Searching for Sunday

Nearly 50 years ago, a US soldier in Vietnam saved a baby’s life. Now he hopes to reconnect with her

Bob Martin recalls vivid details of the day he found Roberta Sunday 48 years ago this month. It was a typical, hot and humid August day in Vietnam’s Quang Tri province. A sergeant with C Troop, 3rd Sqdn., 17th Air Cav, Martin was leading a platoon to search an enemy bunker complex that had just been pummeled with U.S. bombs.

“It was our job to provide a damage assessment after the strikes,” said Martin, now commander of VFW Post 889 in Coeur d’ Alene, Idaho. “There were a lot of dead bodies. In one bunker, I found two dead NVA men and one woman dressed all in black. I imagine she had been supporting them.”

As Martin turned to leave the bunker, he heard a faint sound, almost like a cough. He thought perhaps it was the sound of a rat because it wasn’t coming from the people who were “obviously” dead. After hearing it again, he searched the bunker and discovered a naked baby girl under the woman’s body.

Searching for Sunday
Bob Martin, commander of VFW Post 889 in Coeur D’Alene, Idaho, sits in his kitchen earlier this year and looks at a photo of himself holding a baby girl taken nearly 50 years ago in Vietnam. Martin found the girl in an enemy bunker complex and took her to the Quan Tri Catholic Hospital, where nuns asked him to name the baby. He dubber her Roberta Sunday, since his first name is Robert, and he found her on a Sunday. Since that time, he has often thought of what happened to her. With the help of VFW Post 889 Auxiliary President Beverly Hanson, Martin is on a quest to find Roberta Sunday.
“I thought, ‘Oh my God, now what? I can’t just leave her here,’” Martin recalled. “I wrapped her in one of the empty sandbags I always carried with me.”

He had to haul the infant some 30 minutes back to the nearest landing zone to a waiting chopper. 

“I was so afraid of getting ambushed while getting her out of there,” Martin said. “I don’t know what I would have done if we would have encountered the enemy. I was grateful that she never cried once.”

The baby was alert, but she was shivering and had a piece of shrapnel in one of her thighs. At the LZ, Martin radioed his commanding officer who diverted the chopper to the nearby Quang Tri Catholic Hospital.

Two nuns greeted Martin and asked him to fill out a card with the baby’s name, location where she was found and Martin’s unit information. Of course, he did not know her name. He was encouraged by his fellow soldiers to name her “Roberta,” since his first name is Robert. And since it was a Sunday, he decided on “Roberta Sunday” as her full name.

“I was only at the hospital for about five to 10 minutes and then I was gone,” Martin said. “Over the years, though, I’ve wondered and wondered what happened to her after I left her there. Where is she now?”

That’s a question being asked as far away as New Zealand. Beverly Hanson, Post 889 Auxiliary president, decided to help Martin track down Sunday.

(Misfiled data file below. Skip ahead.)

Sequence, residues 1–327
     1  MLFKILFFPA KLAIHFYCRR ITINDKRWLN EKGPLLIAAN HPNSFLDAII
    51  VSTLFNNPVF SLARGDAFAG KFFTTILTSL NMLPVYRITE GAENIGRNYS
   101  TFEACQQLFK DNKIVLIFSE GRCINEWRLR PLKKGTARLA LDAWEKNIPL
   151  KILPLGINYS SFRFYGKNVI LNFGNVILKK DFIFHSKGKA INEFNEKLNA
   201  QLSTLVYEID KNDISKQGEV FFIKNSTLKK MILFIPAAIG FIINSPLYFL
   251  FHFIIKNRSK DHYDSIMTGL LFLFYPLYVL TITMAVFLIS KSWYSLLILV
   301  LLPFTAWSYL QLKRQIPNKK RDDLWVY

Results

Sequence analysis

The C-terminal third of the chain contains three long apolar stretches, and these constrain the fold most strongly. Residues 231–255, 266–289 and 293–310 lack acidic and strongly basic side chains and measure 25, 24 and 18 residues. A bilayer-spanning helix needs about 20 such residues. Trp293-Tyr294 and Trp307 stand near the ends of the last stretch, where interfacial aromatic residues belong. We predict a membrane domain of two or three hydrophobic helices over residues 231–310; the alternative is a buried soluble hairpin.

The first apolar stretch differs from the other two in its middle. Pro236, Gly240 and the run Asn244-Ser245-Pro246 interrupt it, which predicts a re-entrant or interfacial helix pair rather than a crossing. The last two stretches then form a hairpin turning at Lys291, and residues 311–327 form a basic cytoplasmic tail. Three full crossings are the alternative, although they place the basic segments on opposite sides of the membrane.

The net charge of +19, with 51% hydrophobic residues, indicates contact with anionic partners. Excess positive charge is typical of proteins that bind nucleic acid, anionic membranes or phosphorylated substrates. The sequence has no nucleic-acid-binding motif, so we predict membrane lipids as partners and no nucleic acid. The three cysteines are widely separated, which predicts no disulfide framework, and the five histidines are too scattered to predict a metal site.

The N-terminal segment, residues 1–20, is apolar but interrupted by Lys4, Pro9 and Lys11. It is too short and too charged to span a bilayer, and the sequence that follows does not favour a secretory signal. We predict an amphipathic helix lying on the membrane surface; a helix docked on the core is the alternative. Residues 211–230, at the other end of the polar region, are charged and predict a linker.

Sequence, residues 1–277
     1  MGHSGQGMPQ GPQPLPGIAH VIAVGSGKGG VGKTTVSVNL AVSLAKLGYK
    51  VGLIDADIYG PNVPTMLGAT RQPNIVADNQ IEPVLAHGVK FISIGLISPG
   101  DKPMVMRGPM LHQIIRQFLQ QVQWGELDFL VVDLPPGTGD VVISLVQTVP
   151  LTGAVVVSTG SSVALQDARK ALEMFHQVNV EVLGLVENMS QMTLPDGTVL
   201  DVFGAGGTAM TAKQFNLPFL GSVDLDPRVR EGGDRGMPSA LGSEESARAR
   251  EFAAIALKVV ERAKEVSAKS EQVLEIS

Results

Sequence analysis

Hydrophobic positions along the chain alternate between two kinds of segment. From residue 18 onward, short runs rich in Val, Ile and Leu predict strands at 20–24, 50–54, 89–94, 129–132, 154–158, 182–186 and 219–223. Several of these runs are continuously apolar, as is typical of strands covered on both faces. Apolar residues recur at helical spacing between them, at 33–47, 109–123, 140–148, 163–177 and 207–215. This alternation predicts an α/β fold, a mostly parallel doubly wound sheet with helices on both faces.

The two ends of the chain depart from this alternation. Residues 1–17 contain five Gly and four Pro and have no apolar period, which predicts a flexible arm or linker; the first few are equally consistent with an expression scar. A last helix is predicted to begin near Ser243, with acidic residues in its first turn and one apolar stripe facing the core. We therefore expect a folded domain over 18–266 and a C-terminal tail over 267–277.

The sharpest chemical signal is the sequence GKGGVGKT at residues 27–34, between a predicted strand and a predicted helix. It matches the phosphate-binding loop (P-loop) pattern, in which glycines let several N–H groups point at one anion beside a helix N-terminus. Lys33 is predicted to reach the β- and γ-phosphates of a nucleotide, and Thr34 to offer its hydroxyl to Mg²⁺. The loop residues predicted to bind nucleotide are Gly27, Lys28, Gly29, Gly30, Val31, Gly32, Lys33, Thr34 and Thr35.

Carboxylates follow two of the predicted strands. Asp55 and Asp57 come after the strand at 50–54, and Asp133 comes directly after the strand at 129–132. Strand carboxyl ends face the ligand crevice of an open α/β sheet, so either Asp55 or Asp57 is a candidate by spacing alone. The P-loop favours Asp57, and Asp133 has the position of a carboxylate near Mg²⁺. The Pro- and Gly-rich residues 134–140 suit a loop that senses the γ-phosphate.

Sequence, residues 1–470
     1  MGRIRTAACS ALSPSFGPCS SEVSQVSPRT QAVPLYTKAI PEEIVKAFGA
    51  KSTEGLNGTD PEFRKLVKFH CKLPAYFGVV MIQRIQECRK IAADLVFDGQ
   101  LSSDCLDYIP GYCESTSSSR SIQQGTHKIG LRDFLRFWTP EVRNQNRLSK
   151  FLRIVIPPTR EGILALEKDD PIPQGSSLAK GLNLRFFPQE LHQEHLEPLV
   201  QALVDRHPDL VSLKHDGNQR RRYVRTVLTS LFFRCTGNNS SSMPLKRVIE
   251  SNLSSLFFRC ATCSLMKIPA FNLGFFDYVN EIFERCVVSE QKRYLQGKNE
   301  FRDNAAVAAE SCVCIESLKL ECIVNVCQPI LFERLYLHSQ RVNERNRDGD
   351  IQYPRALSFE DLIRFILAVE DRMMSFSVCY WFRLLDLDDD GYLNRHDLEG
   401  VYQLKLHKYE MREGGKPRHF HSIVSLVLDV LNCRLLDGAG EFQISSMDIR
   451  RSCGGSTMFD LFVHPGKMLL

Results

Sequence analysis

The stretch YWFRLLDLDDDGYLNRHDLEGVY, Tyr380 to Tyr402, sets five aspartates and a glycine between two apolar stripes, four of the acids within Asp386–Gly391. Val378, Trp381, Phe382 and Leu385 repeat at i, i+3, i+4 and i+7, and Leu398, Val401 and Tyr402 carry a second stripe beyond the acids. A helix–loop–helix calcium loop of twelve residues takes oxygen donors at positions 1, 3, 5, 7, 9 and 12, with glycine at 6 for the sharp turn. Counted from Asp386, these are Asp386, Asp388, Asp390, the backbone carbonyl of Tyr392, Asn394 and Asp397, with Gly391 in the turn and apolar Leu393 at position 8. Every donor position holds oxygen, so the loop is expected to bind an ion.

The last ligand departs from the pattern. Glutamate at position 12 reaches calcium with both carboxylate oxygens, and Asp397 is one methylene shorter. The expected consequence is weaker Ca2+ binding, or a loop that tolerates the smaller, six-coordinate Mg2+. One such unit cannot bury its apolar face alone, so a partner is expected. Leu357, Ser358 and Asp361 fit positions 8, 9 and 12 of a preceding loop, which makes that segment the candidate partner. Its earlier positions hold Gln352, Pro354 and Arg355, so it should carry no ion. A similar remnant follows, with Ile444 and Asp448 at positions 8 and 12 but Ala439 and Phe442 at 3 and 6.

“I knew after hearing this story, that this is a story that had to be told,” Hanson said. “I could see the emotion and the feeling that Bob had toward this child he knew only for a very short amount of time.”

Hanson did a Google search for “Roberta Sunday and Vietnam.” Her search revealed an article about a blind Asian woman in her 40s who was working in New Zealand. 

Her name was Roberta Sunday. Hanson didn’t print off the article because she didn’t see how, at the time, this woman would be connected to Vietnam. Now her online search results cannot be duplicated.

“What are the odds there is another woman with that name who is about the same age?” Martin asked. 

Hanson’s further research uncovered that nurses were sent from New Zealand from 1968 to 1974 to rescue Vietnamese orphans from Vietnam, perhaps as part of the Save the Children organization. 

According to Ally Clelland, communications specialist with Save the Children New Zealand, this is unlikely. 

“Unfortunately, our archives do not go back to the Vietnam War,” Clelland said. “We are not even sure if Save the Children New Zealand had a presence in Vietnam at that time. It is possible that New Zealand nurses were there but they may have been sent by the government.”

Wanting to help, Clelland tried the New Zealand Nurses Organization, but it doesn’t hold records for individual nurses.

Hanson was not deterred. She emailed the New Zealand Parliament and reached out to a nurse from New Zealand. She tried getting in touch with people involved with adoption agencies in Vietnam and reunion groups.

Her efforts, while noble, have not produced the whereabouts of Roberta Sunday. Hanson is determined and continues her search. 

“We are going to find this woman,” Hanson said. “I just feel it in my core.”

Martin is not giving up hope either. He said if Roberta Sunday is found, he’ll go to wherever she is, even if it does turn out to be New Zealand. 

“If we find her, I’d go in a heartbeat to see her,” Martin said. “That would really be something to see her and know that something positive came out of that war.” 


This article is featured in the August 2018 issue of VFW magazine and was written by Janie Dyhouse, senior editor of VFW magazine. Photo by Loren Benoie/Coeur D’Alene Press.